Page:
- IQ tests were used to identify both very able children, and those with special needs, to better ensure that the kids go to schools most suited to their needs
- new outfits were distributed to all the children at Divali
- on 14th November ‘International Children’s Day’ was celebrated at all the centres, and there was a general medical check-up conducted in the same month
- at the close of the year all of the children sent Christmas cards and New Years greetings to their sponsors around the world as a way of showing their gratitude and keeping them up-to-date with their progress and lives
Pranil remarks that the children are looking forward to February where there will be a collective celebration for those whose birthdays are between December and February, and that in March there will be another medical check-up. The latter is something the children certainly won’t look forward to, but that Deep Griha provides so that they are given the best possible start in life; in health, education, and happiness.
Vidyanagar (City of Knowledge) – Ashlesha Onawale, Project Officer
Ashlesha remarks that over the last year she has witnessed great progress at Vidyanagari. A prime example of this is that there are now 70 children, double the amount last year. Currently there are pre-primary children, 1st and 2nd standard, which were added in June, and there are plans to add 3rd standard in June 2011. The are several new teachers who have received a one-day training course in skills such as classroom management, methodology and language. A number of foreign volunteers also go regularly to teach the children exciting and valuable new skills. Christa Sommers, an American volunteer, did sing-a-longs with her guitar for all the children, which proved very popular. Kassie Dantzler, another American volunteer, teaches science, and Ella Foskett-Barnes from the UK has assisted the teachers with language lessons. Ashlesha hopes that this diversity of education will continue, and that the children will be encouraged to take an interest in, and to try out new things, as part of their education at Vidyanagari. An example of this is the sensory garden planted near the children’s play area which they are taught and encouraged to nurture.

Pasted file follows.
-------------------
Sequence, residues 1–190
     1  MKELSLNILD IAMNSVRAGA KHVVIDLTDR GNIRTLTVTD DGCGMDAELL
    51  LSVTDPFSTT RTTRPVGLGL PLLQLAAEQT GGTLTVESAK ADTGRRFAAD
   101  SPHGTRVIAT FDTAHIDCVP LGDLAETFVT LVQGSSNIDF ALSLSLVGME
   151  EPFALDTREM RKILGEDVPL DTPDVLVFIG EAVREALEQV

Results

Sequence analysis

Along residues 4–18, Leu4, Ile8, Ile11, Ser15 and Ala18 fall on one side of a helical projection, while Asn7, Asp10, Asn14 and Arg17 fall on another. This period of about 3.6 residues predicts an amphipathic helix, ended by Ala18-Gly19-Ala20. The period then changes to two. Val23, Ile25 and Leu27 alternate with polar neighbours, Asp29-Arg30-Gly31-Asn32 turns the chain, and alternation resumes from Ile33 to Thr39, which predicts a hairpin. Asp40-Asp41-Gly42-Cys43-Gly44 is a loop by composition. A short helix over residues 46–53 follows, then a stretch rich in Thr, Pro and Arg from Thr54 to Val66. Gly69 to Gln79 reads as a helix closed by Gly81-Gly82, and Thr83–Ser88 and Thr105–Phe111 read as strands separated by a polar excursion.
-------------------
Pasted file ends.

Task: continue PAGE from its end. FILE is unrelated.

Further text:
Two large murals, one which is an under-the-sea theme, the other which is a jungle, have been painted in the school by volunteer Sharon Stewart and a large group of French scouts, aided by recent volunteers Chris Venables and Jenny Falk. A general medical camp was also run by Dutch volunteer Petra Koenders, as there are regular ENT and dental check-ups. Ashlesha highlights the ecological nature of the school, such as the project set up by CUMMINS India Ltd in February, which begun a system of rainwater harvesting. In September a solar powered water purification system was installed, which has supplied Vidyanagari with abundant clean drinking water. Another of the schools green projects is the bajri, which was planted and harvested in October, and the sorghum that is currently growing will be harvested within the month. There is also the intention to sell produce to bring in extra income for the school.